The rapid roll-out of coronavirus vaccines amongst older people in Israel has lifted the spirits of an age group that has endured confinement and isolation during the crisis. But the pensioners should perhaps have a care. It’s not known if vaccines prevent transmission, so people who have been inoculated might still spread the virus. Top virologist Dr Chris Smith explained the public are still contracting Covid after the first dose.
Speaking to LBC about Israel’s vaccine rollout, Dr Smith said: “They’ve actually been doing a very big rollout of vaccination using Pfizer’s vaccine.
“Rather alarmingly, their Covid tsar has announced today that they’re not seeing quite the potency of the first dose of the Pfizer vaccine that they had hoped, or that Pfizer had suggested was the case because they have picked up a significant number of people who have got infected after that first dose.
“What’s not clear is if those infections cropped up just a bit soon after the first dose of the vaccine so it wouldn’t really have had the chance to work or whether they really were cropping up a bit later on.
“Why this matters is, of course, in this country the decision has been made to lengthen the period between the first and the second dose in order to vaccinate as many people as possible.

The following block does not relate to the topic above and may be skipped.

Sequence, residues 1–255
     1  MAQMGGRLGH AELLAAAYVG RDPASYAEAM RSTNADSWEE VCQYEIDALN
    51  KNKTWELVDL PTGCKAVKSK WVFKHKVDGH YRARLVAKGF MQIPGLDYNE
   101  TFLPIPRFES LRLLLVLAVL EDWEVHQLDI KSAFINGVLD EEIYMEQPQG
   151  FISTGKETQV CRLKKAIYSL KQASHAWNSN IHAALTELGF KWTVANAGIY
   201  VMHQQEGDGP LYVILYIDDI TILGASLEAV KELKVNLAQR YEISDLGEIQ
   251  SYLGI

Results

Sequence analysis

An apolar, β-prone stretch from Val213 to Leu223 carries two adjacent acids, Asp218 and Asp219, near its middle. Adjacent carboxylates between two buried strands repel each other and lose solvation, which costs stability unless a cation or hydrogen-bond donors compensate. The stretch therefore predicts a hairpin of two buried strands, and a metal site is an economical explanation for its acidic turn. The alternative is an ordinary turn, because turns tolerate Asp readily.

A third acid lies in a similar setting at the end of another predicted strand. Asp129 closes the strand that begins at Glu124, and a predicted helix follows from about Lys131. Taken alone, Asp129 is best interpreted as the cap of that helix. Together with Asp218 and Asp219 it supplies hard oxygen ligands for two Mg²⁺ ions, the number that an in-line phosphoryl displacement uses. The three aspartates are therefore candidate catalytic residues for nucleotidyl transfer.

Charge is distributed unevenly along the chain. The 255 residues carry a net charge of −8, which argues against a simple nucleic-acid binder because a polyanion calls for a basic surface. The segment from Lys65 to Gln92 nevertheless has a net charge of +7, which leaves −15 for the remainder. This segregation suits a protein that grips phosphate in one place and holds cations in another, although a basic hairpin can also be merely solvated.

READ MORE: Coronavirus symptoms: The most common symptoms in hospital admissions
“So we’re going to be looking with interest at what Israel has found in order to find out whether we need to change our strategy or whether or not we should be OK.”
It comes as up to 2,000 people working in roles in the Covid-19 vaccine supply chain will be offered jabs to help ensure the UK gets the doses it needs to protect the most vulnerable, the Government has announced.
The move follows a plea from AstraZeneca to protect workers involved with the manufacture of the vaccine to ensure the supply chain runs smoothly.
The Department for Health and Social Care (DHSC) said staff working for Pfizer and AstraZeneca that are involved in crucial supply chain roles in the UK will be among those eligible for the jabs.
“One of the things that I’m worried about is actually maintaining a continuous supply and work on this vaccine,” he said.
“Of course with the outbreak and the pandemic where it is – I feel it’s critical to the people that are working on this vaccine are actually immunised.
“Because if you have an outbreak at one of the centres – which we’ve had actually – or in one of the groups in Oxford that is working on new variants, or the people that are working on the regulatory files, everything stops.
“This is a concern that I have and so again we’re pushing to try and get our key workers that are working on the vaccine project immunised to try and prevent these outbreaks.”